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Discussion Starter #1 (Edited)
Hello folks

I'm hoping you can help me pinpoint the cause of a peculiar looking issue with the 700.

A bit of background; I've had the bike for a couple of years and recently had the engine rebuilt by a Honda dealer to repair a stripped output shaft. The splines the sprocket mounts onto had basically worn away to the point where it was barely hanging on. Could've done it myself, but didn't have the inclination given that I've got a few other bikes about the place and the shop gave me a loaner. The (expensive) lessons I learned from that little exercise are that the output shafts don't seem to have been particularly well case hardened and to use Honda sprockets. That's the only significant issue I've had so far and I don't think any of this is particularly relevant, but thought I'd mention it anyway.

Here's the issue mentioned in the title. Yesterday, the bike's temperature gauge lost its mind, by which I mean it's recording entirely erroneous temperatures and updating every five seconds or so. It'll jump from somewhere in the mid-seventies to the mid-nineties, then down into the late-sixties within the space of a couple of hundred yards from takeoff at traffic lights. There doesn't appear to be any particular logic to the way it's acting; it's all over the place, and the only time it looks remotely accurate is from cold start to about 60 degrees. After that, all bets are off.

Unlike the older bikes, the gauge on the 700 is digital, so it gives the reading in, um, digits and normally, the numbers it reports are pretty predictable - they go up when it gets hot, and down when it cools. In normal operation, the gauge doesn't (or doesn't appear to) update every five seconds; it looks to me as though it smooths feedback/takes average readings over fifteen-thirty second splits and updates accordingly. From what I've read, another difference between mine and older models is that mine gets hot - properly hot on my run in to work (central London). It's unusual for me to make it into the office without the temperature reaching over 100 and the fans kicking in at least once.

From what I can tell, the fan isn't dependent on the temperature readout - a design choice I'm very grateful for right now. If it was, the bike would be overheating badly. But as I say, the temperature gauge readings are all over the place. And with after all that, I guess my main question is what's most likely to have broken? From what I've read, I reckon is it's either the temperature sender or something in the wiring loom rubbing against something it shouldn't. I'm praying it's the former - I really don't want to start a fight with the loom - so supplementary question, what's the best way to test the sender?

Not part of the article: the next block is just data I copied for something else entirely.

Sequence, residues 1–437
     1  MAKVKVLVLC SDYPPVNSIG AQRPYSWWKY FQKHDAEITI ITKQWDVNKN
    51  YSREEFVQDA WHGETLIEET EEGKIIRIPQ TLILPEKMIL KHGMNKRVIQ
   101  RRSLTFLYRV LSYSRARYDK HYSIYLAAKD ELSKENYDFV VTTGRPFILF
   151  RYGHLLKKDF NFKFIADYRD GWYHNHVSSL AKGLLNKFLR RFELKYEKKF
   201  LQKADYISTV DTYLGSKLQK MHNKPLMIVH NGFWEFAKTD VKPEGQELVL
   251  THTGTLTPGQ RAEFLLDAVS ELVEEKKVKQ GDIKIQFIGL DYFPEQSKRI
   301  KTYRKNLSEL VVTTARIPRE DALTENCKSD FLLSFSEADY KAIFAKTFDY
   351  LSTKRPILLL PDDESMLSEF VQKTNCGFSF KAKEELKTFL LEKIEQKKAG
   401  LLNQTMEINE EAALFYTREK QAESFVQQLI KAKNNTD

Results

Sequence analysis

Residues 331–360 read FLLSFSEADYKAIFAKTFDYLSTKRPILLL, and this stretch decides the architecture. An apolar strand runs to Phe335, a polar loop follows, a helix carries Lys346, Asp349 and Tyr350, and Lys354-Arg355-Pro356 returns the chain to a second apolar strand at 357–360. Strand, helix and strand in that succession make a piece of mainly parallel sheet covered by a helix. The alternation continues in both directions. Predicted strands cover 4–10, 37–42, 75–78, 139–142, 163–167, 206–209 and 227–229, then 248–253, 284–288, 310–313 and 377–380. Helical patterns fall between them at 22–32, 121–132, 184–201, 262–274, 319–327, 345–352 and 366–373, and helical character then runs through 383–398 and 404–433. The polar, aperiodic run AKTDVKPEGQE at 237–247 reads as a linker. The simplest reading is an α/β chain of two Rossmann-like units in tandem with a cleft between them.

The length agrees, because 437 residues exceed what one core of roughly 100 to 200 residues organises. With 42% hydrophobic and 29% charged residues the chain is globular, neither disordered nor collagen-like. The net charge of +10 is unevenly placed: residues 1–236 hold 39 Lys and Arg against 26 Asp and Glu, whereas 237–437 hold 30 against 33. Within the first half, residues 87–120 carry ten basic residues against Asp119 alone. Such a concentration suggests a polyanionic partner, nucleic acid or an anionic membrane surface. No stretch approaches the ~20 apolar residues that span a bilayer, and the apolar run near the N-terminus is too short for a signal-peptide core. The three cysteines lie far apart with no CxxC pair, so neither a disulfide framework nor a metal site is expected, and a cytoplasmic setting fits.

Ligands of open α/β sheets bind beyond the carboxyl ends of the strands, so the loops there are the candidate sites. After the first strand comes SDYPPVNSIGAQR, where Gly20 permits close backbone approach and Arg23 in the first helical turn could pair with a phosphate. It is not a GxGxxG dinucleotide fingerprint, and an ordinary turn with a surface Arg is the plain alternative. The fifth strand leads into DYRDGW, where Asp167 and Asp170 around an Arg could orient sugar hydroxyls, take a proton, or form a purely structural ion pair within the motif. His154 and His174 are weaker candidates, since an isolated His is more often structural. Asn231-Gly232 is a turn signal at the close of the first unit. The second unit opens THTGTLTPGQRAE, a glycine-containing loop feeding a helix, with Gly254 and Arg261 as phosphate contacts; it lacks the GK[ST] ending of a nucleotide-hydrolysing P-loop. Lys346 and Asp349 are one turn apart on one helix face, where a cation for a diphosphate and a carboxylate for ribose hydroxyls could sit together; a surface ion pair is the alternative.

Thanks for sticking with me . . .

Neil
 

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Neil I have got 700 as well and it does not like traffic in the summer. Fan is on all the time but this is normal as long as it comes on at 103 C and turns off at 98C or thereabout. If this is the case it rules out the thermostat fault and leaves you with the electrical gremlins. I don't know how to test the sender but I am sure someone will be along......
 

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Discussion Starter #3
Thanks Queasy

Well, the fan's come on and gone off again, but as to what the temperatures were, I have no idea because of the crazy readings. The fan kicked in towards the end of my journey, which is consistent with usual behaviour, but the temp was reading somewhere between 75-88 deg. I know from experience that's wrong; it should have been reading way hotter. But like you say, so long as the fan is kicking in and switching off, it's good and not the thermostat.

I'm wondering whether there could be an airlock around the sensor, so in effect it would only be sampling the air temperature and periodic splashing from the water, but even if that were the case, it wouldn't explain the speed at which the temperature reading changes.

I'll probably pick up a new sender since they're not all that expensive and change out the current one. It could be that simply by undoing various bits and pieces to get to it I'll see something out of place . . . maybe.

Thanks again.
 

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Discussion Starter #4
Thought I'd round this out for anyone who has the same issue in future.

As I suspected, the temperature sender was knackered. Comparing the replacement to the busted one, the parts looked identical but the replacement had a significantly lighter colour to it. The old one was very dark at the tip. Dunno whether that has any bearing on anything; I suspect not because it's what's inside it that counts.

Anyways, it's not a particularly difficult job. The reason it's taken me a while to do it is 'cos I had several jobs to do at the same time - head race bearings, drive chain and cleaning the air filter - and so I had all sorts of bits off the bike making it a bit easier. But if you were doing this job on its own, I'm pretty sure all you'd need to do is remove the left side panel to get to the thermostat housing. The housing is the point where several radiator hoses converge, so once you've drained the coolant you basically undo the hoses and one mounting bolt and it'll come away. The sender screws into the side and plugs into the wiring loom. Sender part # is 37870-KRJ-901.

And the temperature gauge now behaves itself again. Yay.
 
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